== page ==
Judge Kelsey Kawano Ends Prosecution Of MauiTime Publisher Tommy Russo–No Probable Cause

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After nearly two years, Wailuku District Court Judge Kelsey Kawano has finally ended the travesty that was the case State of Hawaii v. Thomas Russo, the publisher of MauiTime. On Wednesday, July 9, Judge Kawano ruled that Maui Police Officers Rusty Lawson and John Fairchild had no probable cause to arrest Russo on Nov. 20, 2012 when he was photographing them on Haleakala Highway during their Operation Recon traffic stop and threw out the whole case.

“I’m pumped,” Sam MacRoberts, Russo’s attorney, told me. “I don’t know what will change. I certainly hope this opens the police department’s eyes as to how they should interact with the public, including journalists.”

MacRoberts put the credit for much of the victory on New York attorney/photographer/sheriff’s deputy Mickey Osterreicher, who MacRoberts called to testify on Feb. 12, 2014 as an expert in media-police relations. “It sure seemed to me the judge was interested in what he had to say,” MacRoberts said.

Indeed. Whenever I ask someone at the County Counsel’s office or the Maui Police Department about how island cops deal with the media, I get a boilerplate response about how all officers get “training” on that. The specifics on that training–when it occurs, what it entails, how often officers have to go through it–are never forthcoming, but a transcript of that hearing MacRoberts provided shows what Osterreicher–who has trained officers in this in the past–believes it should include:

Q. And what facts or factors do you take into account to determine whether a police officer is appropriately exercising his discretion?

A. Well, again, being a law enforcement officer, we all take an oath to uphold the constitution. The first amendment is part of that. And I would work under the assumption that all officers understand and know what rights people are entitled to as they are — in particular, in this case, first amendment rights.

According to Osterreicher’s testimony, Officer Lawson was “not reasonable” when he repeatedly told Russo to stop filming the operation and leave:

Q. And if you haven’t said why, please tell the Court why it’s not reasonable and, specifically, the facts and factors that make it unreasonable.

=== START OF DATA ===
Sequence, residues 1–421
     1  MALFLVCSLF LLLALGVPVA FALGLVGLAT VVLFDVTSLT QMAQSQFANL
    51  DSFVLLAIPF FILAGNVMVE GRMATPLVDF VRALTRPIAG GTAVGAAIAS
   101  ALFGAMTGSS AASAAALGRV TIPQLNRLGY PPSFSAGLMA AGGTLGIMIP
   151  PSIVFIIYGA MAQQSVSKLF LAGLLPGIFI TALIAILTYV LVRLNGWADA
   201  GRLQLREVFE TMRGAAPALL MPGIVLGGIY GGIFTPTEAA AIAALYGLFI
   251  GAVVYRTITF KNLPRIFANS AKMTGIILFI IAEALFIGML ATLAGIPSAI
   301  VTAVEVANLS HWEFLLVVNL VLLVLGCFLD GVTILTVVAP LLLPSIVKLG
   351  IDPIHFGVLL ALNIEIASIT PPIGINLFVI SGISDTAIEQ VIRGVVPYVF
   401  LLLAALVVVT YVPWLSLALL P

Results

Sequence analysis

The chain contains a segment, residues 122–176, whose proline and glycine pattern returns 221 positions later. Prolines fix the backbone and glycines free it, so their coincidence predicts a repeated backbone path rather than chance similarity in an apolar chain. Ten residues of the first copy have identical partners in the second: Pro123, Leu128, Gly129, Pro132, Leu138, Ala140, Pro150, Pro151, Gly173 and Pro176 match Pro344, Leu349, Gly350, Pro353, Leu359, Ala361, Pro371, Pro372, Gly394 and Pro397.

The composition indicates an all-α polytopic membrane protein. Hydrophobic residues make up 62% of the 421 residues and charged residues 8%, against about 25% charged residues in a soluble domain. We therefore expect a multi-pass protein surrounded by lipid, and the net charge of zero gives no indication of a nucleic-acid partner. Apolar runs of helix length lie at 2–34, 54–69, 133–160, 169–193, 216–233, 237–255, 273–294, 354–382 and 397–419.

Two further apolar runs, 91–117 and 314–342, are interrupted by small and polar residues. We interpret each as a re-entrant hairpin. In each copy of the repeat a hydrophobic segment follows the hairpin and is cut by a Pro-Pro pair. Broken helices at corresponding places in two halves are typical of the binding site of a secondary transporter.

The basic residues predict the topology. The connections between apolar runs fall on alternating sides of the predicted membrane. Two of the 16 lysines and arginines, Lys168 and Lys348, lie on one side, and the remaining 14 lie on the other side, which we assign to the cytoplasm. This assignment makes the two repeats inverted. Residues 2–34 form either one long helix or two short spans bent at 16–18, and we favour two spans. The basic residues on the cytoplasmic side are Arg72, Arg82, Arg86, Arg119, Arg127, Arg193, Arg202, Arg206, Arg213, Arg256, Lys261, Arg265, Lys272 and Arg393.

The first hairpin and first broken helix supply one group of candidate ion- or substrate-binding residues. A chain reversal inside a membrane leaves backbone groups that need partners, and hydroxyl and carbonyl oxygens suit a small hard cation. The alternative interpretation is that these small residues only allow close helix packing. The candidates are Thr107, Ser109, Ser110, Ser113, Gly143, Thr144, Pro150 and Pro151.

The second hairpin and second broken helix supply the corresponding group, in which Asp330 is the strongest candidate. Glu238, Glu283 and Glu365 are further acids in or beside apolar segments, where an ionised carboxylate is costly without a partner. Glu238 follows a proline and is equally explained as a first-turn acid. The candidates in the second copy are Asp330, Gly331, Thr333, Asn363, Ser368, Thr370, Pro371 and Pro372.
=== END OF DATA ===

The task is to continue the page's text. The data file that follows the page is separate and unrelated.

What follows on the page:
A. The fact that he was asking Mr. Russo to leave without articulating why; the fact that he was limiting that speech; he was not giving any clear direction as to where Mr. Russo could or couldn’t stand; he just wanted him to leave the area. So that certainly implicates content in terms of he may not have liked what Mr. Russo was doing at the time. It certainly didn’t appear to be content neutral. And, as I said, not leaving reasonable alternate avenues of communication of what he was doing.

Ultimately, it didn’t matter that Russo was a member of the media when he was taking shots of Lawson and Fairchild during Operation Recon. They were on a public road that was open to traffic. There was no perimeter set up. They had no expectation of privacy, as Osterreicher said during the hearing. Every citizen in the U.S. has the right to photograph them under such conditions.

If the County of Maui decides that it’s going to learn from this case, then it would be best if they reinforce in every cop’s mind that this is the constitutional, legal reality in which they operate.

One more thing: though The Maui News saw fit to put Russo’s name, mug shot and story on the front page of its Nov. 21, 2012 edition when he was arrested, they buried the story of his exoneration on page 3 of today’s paper (but still found a way to refer to MauiTime as a “tabloid,” which they love to do). Guess that’s objective journalism, for you.

Photo of Tommy Russo: Sean M. Hower

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